Century Park is the largest park in Shanghai and at 4 KM away it is the nearest park to our apartment compound. On this 4th Saturday of November , sunny and 72°, I took a bike ride to check it out. Crowds lined up at the ticket booths to purchase the ¥10 entrance tickets and then navigate the gauntlet of vendors selling candy, pancakes, balloons, kites, live bunnies and chickens (I’m assuming in case you want to have a barbeque), that had encamped in front of the gates. The uniformed parking lot attendant made it clear that my bike was not permitted inside even if I wasn’t riding it, this despite the fact that I could see people riding bikes inside the park. I’d have to leave my bike outside and rent one inside if I wanted to ride a bike in the park. I was directed to an area in the center of the parking lot to leave my bike, but there was nothing there to which I could lock it. I declined his offer.
What caught my eye was the rules posted on the fence at the far end of the parking lot, nowhere near the ticket booths, or the entrance to the park. There was nobody reading them. Inside the park there was probably nobody obeying them.
As I study Mandarin, I am coming to understand the difficulty, if not impossibility, of making a word-for-word translation between Chinese and English; In English we usually have a specific word for something, in Mandarin, there is usually a concept for something, not a single word. For example: 褔 This is the Chinese symbol fú, the character for good fortune, or luck. As explained by Fiona, my Mandarin instructor, It is comprised of two symbols, the one on the left symbolizing clothes–or, heaven sent– the one on the right (top to bottom) is a chopstick, mouth and a field, taken together, indicating a good harvest, an ancient Chinese indicator of wealth. When both symbols are combined, a person who has clothing, food and land has good fortune. So in English we’d say to someone “Good luck!” In Mandarin that would literally translate as “Clothes, food and land to you.” So you can see how something that makes perfect sense to a Chinese person literally loses something in the translation to English. That’s what makes reading Chinglish fun and, as an American living in China, challenging. Keep this in mind when you read the assembly instructions on the next Made in China product that you try to assemble.
- Rule # 1 is fairly a straightforward direction to buy a ticket and leave when the park closes. For an American, and by that I mean ignorant of the metric system, it requires a smart phone app to convert the 1.3 meter height restriction to understand that my kids over 4′ 3″ need a ticket and can’t come to the park by themselves, regardless of how old they are. I know from reading the previous “Notice to Tourists” sign that “metal patients visit the parks with guardians in company” is simply a typo and that I’m being told that people with mental disabilities are not allowed in alone (and, I get the feeling from the repeated use of this command, not really wanted.)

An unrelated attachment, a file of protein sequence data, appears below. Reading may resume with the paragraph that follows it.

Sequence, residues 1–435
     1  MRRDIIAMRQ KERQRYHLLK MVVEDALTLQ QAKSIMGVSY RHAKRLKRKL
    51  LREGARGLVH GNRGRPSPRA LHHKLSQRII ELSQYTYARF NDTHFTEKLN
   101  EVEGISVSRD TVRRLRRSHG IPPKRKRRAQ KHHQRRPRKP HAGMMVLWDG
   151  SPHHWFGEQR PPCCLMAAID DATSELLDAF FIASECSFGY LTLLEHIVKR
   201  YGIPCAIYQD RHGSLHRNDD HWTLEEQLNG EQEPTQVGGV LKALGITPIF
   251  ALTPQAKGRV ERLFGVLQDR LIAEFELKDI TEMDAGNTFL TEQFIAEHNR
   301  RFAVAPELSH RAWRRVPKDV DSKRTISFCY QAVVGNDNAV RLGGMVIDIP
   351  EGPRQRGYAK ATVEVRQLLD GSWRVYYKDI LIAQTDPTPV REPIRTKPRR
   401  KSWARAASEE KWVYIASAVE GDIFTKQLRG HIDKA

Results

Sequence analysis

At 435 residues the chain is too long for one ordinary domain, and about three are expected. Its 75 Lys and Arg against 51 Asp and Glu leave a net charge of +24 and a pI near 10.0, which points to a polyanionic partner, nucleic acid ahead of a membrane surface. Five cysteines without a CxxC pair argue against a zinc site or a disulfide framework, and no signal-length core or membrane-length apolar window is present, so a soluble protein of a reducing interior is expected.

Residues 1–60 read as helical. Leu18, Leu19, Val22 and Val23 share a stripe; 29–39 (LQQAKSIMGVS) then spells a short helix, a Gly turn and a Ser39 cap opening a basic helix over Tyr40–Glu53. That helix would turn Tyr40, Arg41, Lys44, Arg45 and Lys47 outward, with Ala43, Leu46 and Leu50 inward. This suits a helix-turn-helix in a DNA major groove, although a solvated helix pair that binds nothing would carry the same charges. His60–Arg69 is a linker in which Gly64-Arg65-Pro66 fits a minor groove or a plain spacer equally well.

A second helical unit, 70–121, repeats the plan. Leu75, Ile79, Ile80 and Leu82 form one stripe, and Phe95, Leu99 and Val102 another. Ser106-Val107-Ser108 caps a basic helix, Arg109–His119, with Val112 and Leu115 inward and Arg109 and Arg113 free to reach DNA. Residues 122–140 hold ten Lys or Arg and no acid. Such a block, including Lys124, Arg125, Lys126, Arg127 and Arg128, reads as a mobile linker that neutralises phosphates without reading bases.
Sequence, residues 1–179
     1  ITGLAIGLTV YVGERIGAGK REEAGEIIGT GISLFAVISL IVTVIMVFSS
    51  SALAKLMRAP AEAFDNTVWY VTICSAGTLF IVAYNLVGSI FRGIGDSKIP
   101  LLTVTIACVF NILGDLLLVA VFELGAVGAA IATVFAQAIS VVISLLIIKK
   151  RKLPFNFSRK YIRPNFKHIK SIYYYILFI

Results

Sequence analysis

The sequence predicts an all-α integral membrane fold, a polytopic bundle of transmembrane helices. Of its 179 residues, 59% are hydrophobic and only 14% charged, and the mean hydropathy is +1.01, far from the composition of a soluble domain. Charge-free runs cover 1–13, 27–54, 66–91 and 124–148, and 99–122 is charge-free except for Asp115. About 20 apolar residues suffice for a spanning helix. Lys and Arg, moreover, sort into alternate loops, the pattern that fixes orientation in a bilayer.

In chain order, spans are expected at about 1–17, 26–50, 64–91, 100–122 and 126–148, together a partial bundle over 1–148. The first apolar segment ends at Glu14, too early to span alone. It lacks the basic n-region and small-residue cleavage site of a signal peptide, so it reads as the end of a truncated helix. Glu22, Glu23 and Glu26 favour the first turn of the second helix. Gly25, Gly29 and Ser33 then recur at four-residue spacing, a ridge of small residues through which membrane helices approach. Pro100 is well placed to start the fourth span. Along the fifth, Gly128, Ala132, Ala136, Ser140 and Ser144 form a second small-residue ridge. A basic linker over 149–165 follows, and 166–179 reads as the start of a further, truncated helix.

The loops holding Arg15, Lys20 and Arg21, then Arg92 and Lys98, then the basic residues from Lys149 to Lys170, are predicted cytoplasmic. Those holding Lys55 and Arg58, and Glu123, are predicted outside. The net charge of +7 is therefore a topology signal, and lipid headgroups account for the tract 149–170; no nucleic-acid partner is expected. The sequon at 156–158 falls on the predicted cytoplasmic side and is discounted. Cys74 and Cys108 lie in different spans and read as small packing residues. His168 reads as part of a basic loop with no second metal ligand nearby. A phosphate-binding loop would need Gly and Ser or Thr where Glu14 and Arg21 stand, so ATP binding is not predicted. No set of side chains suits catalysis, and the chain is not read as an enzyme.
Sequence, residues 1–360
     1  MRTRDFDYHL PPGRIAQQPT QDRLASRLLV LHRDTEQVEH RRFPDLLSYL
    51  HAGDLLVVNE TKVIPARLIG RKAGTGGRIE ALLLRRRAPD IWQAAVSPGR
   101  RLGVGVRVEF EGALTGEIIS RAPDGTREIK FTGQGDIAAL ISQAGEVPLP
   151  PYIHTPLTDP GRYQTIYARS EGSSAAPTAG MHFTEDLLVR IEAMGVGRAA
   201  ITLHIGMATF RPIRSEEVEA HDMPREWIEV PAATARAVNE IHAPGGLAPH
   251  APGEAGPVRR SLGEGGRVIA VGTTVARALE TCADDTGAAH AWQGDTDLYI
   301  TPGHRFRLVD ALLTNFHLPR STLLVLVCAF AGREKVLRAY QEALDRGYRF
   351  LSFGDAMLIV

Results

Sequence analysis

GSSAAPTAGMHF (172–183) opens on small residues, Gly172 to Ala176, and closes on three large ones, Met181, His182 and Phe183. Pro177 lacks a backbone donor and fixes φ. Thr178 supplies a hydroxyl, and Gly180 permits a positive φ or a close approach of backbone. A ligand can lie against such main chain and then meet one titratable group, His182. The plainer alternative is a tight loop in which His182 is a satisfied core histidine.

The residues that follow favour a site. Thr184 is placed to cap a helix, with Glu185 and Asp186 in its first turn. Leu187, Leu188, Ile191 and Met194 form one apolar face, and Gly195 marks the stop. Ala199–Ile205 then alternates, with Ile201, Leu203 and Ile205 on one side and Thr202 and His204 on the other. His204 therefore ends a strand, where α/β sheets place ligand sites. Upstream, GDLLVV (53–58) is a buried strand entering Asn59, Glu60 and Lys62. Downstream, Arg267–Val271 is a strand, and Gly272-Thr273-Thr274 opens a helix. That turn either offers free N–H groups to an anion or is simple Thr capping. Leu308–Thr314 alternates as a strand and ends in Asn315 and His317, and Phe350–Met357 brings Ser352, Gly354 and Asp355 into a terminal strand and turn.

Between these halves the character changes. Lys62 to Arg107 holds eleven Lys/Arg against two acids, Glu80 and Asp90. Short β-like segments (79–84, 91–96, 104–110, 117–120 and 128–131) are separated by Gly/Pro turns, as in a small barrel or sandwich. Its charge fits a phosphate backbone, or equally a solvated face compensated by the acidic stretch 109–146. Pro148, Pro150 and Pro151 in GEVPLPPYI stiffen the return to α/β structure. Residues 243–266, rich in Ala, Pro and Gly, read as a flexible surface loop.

- Rule # 2 is something I think we can all live with. Upon my arrival in China I was impressed by the availability of garbage and recycling cans on almost every street corner and I dutifully separated my food scraps and my Starbucks coffee sleeve for disposal and recycling, but I have since been told by almost every Chinese person that I’ve asked (four) that they are just for show and that it all goes to the same place. So if you “Classify the garbage” it might not matter, but it can’t hurt to try. As for the next part, I think it seems to be directed more toward the rural migrant than to the urban Shanghinese or western tourist. I have on occasion seen a taxi driver, or truck driver, pull over to the side of the highway–there are rarely ‘shoulders’ on the highway as Americans are familiar with– and urinate right there in the right lane, and there the bus driver at the Museum of Science and Technology urinating in the flower bed, yesterday, but I have yet to see anyone defecating in public, but I’ve only lived in China for seven weeks.
- Rule # 3 is pretty self-explanatory, they key parts being the prohibition against capturing wild animals and plucking fruits. My impression is that, in China, anything edible is fair game. In fact, I rarely hear or see birds in the parks and I’ve never seen a ground animal since I’ve been here.
- Rule # 4 is pretty clear.
- Rule #5 is something I’m still trying to translate much of; I have no idea what the “garden-visiting order” is; pretty sure that “barebacked” means don’t take your shirt off; “Don’t circle activity yards” has me baffled; I can’t wait to discover what “feudalistic superstition” activities are and I wonder why they have vendors selling live, caged bunnies at the entrance to the park if they don’t want you bringing the bunnies in.
- Rule # 6 is pretty straight forward, next time I’ll leave my bike home and enter the park to see if the park goers are observing these prohibitions. And gotta wonder about the kite sellers at the entrance.
- Rule # 7 is my favorite Chinese boilerplate rule: “don’t do anything prohibited by the law and regulations.”
I’ll let you know if I spot a window of civilization.